The Air We Breathe

R310b Sunday's Washington Post Commuter Page (Page 2 in the Metro section) had a nice discussion of air quality. I have not been able to find it online; evidently it is only in the print edition.

The most striking visual on the page was a graph that showed the comparative emissions across several types of vehicles. Here are the numbers from the table but without the visual impact of the chart:

Nitrogen Oxide Emissions in grams/mile:
Light-duty hybrid (Prius, Civic hybrid) 0.02
Passenger car (Camry, Accord, Malibu) 0.10
Light-duty truck 2 (Cherokee, Caravan, Sienna) 0.30
Light-duty truck 4 (F-150, Sequoia, Land Rover) 0.60
Heavy-duty truck (Hummer, RVs) 0.90

That means it would take 5 carpoolers in a regular passenger car before the emissions would be equal to 5 Priuses or 15 passengers in a minivan to equal 15 Civic hybrids. A big SUV emits 30 times as much ozone-causing pollution per mile than a hybrid! A Hummer 45 times as much!

This table makes it clear that increasing the fleet of hybrid vehicles in our area, particularly if they are replacing other vehicles, would make a big dent in our air quality problems. In fact, DC is doing well with hybrid ownership, double the national average (link). Much of this has been driven by the HOV exemption for clean vehicles, prompting some drivers to invest in hybrids in order to be able to drive on the HOV lanes. This year, also, Arlington County has introduced a tax break for people to buy hybrid vehicles.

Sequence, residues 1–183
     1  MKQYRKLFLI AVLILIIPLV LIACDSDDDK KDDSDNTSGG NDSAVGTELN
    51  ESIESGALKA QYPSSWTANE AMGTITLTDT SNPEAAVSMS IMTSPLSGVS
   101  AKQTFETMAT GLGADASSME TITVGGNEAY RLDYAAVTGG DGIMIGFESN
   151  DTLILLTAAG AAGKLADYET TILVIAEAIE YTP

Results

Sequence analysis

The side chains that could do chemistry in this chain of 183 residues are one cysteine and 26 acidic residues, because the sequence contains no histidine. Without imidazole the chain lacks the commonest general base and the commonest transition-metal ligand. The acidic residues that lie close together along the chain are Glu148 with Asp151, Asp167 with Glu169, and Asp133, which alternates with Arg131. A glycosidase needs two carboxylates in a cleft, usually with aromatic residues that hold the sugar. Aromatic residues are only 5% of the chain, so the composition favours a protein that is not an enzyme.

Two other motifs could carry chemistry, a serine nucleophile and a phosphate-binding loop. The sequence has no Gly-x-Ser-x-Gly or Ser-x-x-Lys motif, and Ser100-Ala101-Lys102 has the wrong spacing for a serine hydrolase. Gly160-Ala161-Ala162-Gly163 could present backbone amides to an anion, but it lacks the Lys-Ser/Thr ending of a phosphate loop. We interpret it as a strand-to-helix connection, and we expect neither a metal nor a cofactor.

These seem like good policies as we strive to improve regional air quality. There has been controversy about whether the clean-vehicle exemption for HOV should be terminated. I think this information supports the position to keep it in place, since 3 single-occupant Priuses only emit 60% or less emissions than a car (or worse, an SUV or minivan) with three passengers. Some parties believe the exemption should end, because too many single-occupant vehicles will clog the carpool lanes. I66I will only be convinced after much more aggressive efforts, including much higher fines, are taken to eliminate the HOV violators, who I see all the time on I-66.

Keep in mind that owners of these vehicles are contributing to better air quality with 100% of the miles they drive, even though only 15% - 50% of their driving might be on HOV lanes, so it is in the interest of all who want cleaner air to encourage more purchasing of cleaner cars.

(In the interest of disclosure, I own a Toyota Camry hybrid, but do not have the requisite license plates to drive in the HOV lanes. I also have a personal interest in improving air quality, because my daughter suffers from asthma.)

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